That focus on ‘standard English’ helps with clarity of the spoken word but according to one of our most eminent linguistic experts, David Crystal, but it’s a million miles away from how the original audiences of the plays would have heard Shakespeare’s language. Listen to some of the famous soliliquays in what’s called Original Pronounciation and the meaning is completely changed says Crystal. Puns become more evident and many more line endings will sound as rhymes – so for example, you might hear an actor today say water and matter and the two words seem to bear little sound relation to each other. But say them in original pronounciation and water sounds more like watter, hence completing a rhyming couplet. Understand that ‘loins’ would have been pronounced as ‘lions’ andpart of the Romeo and Juliet prologue takes on a different interpretation.
Crystal and his actor son, Ben, put their theory to the test in 2004 when they worked with The Globe Theatre in London for a performance of Troilus and Cressida, the first time a theatre company had staged an entire production in original pronounciation. They talk about this experience and their work in a short film made for the Open University – listening to them read alternate lines in received pronounciation and then original pronounciation is fascinating. Now I understand why so often when I heard Shakespeare in my school days the so-called comedy completely passed me by. If only my teachers could have read it as it was meant to be heard, I might just have understood it better.
Can reading a book change your life? It’s a phrase that seems to get trotted out by marketing departments fairly frequently, especially when they’re trying to flog the latest self help manual that promises everything from marital bliss to millionaire status. But I also noticed that Goodreads has a list of books that readers have classed as ‘life changing’ – some you might expect like Paulo Coelho’s The Alchemist, Salinger’s Catcher in the Rye or Harper Lee’s To Kill a Mockingbird though there are an astonishing number who claim Harry Potter has a transformative effect.
A recent posting on Book Riot along the same lines got me thinking whether, out of the hundreds if not thousands of books I’ve read in my lifetime, have there been any which have made such a huge impact on my life that they could be said to have changed it? After digging deep in the dusty attic of my brain, I realised that there is indeed one that had a marked effect on my life, though it’s a play rather than a novel: Shakespeare’s The Merchant of Venice.
Our first set text for English that year was The Merchant of Venice. It was our first experience of Shakespeare. For some stupid reason the education ‘experts’ had ruled that Shakespeare would not be introduced earlier in our school system so we were fed instead on the deadly dull School for Scandal and The Rivals, both by Sheridan.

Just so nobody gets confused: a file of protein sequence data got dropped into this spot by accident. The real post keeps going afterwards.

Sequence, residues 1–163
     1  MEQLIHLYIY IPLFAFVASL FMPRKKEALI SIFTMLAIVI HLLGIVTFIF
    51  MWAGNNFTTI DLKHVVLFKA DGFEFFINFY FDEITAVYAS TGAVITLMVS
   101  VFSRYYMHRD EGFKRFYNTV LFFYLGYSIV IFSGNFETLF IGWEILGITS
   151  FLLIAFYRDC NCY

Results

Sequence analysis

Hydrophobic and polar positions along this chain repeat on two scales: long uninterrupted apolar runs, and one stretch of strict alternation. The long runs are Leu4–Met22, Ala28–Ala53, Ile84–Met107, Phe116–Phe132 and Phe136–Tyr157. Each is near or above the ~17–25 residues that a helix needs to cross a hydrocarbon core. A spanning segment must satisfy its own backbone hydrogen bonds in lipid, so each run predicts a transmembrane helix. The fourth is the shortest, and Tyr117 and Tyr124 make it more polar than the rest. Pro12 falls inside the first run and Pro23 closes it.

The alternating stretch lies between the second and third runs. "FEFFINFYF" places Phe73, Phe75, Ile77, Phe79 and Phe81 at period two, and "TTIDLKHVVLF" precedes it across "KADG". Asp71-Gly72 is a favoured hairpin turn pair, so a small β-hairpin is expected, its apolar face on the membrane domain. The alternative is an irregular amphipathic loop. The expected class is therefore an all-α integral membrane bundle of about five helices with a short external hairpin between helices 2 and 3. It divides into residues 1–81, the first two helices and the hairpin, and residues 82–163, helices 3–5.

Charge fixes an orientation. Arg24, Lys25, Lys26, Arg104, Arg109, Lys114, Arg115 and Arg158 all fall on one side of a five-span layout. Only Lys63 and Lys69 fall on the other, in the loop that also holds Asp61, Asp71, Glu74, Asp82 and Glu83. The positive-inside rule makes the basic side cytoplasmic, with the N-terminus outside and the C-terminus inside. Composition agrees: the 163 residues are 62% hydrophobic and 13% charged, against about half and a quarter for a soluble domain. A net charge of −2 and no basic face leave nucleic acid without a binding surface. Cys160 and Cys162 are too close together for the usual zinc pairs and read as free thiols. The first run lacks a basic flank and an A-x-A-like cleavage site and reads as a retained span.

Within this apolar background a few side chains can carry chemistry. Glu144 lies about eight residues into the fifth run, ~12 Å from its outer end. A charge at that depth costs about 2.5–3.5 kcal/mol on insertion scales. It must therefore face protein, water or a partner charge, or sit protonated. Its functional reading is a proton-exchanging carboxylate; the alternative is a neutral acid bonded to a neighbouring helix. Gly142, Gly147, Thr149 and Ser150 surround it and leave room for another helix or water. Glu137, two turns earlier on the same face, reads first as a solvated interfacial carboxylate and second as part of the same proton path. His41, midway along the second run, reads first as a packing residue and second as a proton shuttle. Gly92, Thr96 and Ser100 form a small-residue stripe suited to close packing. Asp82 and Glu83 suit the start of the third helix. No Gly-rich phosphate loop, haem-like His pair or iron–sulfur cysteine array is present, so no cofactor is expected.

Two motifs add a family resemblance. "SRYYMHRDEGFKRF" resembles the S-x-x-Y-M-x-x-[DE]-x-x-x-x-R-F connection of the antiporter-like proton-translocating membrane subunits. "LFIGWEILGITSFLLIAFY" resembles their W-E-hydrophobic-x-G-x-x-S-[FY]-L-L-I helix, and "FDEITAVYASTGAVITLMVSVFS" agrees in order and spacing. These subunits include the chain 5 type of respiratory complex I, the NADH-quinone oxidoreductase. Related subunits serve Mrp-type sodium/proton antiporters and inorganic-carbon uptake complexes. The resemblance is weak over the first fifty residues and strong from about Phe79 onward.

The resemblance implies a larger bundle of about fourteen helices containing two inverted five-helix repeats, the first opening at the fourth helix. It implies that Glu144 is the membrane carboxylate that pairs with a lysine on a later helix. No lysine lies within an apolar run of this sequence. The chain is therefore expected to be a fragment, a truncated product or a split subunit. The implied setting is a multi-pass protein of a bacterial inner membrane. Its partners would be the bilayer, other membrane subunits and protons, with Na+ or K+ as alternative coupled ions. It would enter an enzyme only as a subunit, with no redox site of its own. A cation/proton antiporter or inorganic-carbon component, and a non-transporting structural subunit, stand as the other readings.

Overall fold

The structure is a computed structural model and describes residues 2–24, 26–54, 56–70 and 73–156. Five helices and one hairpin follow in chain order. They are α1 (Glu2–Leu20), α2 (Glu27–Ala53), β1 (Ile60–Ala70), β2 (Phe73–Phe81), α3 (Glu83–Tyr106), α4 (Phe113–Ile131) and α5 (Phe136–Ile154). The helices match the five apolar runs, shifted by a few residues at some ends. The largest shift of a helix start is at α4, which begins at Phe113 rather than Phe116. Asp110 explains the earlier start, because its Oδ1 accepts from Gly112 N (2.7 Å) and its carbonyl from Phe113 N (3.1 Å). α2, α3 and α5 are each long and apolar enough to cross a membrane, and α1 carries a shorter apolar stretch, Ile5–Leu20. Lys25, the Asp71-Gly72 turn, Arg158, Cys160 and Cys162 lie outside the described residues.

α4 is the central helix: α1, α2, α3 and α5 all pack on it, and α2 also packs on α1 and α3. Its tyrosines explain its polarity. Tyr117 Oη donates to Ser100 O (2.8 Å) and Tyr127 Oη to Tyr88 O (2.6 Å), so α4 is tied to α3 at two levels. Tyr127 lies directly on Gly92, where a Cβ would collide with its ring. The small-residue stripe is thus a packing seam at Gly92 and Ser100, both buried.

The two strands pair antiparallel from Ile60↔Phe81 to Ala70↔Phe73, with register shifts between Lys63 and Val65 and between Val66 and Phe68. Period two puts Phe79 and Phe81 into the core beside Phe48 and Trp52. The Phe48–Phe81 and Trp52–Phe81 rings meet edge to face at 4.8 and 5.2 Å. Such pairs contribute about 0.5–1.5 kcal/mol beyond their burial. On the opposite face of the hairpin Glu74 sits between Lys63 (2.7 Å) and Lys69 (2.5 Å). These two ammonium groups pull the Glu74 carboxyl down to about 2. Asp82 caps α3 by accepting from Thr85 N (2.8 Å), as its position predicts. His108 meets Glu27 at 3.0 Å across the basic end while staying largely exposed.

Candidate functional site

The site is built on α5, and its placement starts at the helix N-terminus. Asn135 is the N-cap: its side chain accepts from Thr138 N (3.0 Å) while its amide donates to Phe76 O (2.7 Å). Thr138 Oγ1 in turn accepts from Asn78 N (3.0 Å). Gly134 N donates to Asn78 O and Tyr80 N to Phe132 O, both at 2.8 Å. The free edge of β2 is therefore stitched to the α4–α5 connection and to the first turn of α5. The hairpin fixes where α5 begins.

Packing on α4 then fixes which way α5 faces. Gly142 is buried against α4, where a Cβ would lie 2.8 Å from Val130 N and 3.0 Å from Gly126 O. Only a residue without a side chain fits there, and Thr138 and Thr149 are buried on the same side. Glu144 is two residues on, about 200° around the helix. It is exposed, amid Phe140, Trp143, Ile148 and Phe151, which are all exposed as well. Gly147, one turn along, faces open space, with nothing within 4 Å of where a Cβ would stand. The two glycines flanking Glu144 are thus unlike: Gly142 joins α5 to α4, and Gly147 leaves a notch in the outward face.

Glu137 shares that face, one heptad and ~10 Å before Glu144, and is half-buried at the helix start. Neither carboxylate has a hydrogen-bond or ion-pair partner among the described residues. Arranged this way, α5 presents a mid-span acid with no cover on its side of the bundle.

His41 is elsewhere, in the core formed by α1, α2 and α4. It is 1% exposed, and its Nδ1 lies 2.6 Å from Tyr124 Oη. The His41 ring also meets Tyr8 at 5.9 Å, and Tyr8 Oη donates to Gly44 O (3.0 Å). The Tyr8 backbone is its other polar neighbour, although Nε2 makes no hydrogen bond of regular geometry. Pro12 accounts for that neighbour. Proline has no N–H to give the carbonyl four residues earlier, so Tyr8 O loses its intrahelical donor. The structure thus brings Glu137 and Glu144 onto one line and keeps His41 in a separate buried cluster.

Reading the Merchant in advance of our first class must have been the proverbial light bulb moment for me. Because when the class began, I found myself quoting from it, not just the odd line or two but whole speeches. Without ever having intended to, I had memorised large chunks of the main speeches much to the astonishment not just of my classmates but the teacher. Fourty years later and I still remember a good portion of that speech by Shylock where he accuses Antonio of dual standards:
You call me misbeliever, cut throat, dog,
And spit upon my Jewish gaberdine,
And all for use of that which is mine own.
Well then, it now appears you need my help.
From that day, I couldn’t get enough of literature, consuming book after book from my local library (though many times without fully understanding what I was reading) and desperately keen to continue studying it through school and university. Even today I can’t get enough of it, taking an extra degree with the Open University. Maybe it’s too much to claim that The Merchant, completely changed the course of my life but I like to think it did make a significant difference to the quality of my life. So I will raise a toast to the Bard of Stratford and say a heartfelt thanks.
Are there any books that have made a difference to your life? I’d love to hear your story……
Just read a short news item about a new App that brings the magic of all Shakespeare’s sonnets to the iPad. The app is a collaboration between Faber and TouchPress. It features a fully annotated Arden text of each sonnet plus video interviews with scholars. With just a click you can conjure up the Arden notes on a particular word or line and also read a commentary by Don Paterson.
But the feature that has me most excited is the ability to see and hear readings of all 154 via an impressive cast of actors from Dominic West to Patrick Stewart.
There are a few tantalising examples of the readings at http://www.touchpress.com/titles/shakespeares-sonnets/
It’s launched on Thursday at the very reasonable cost of £9.99.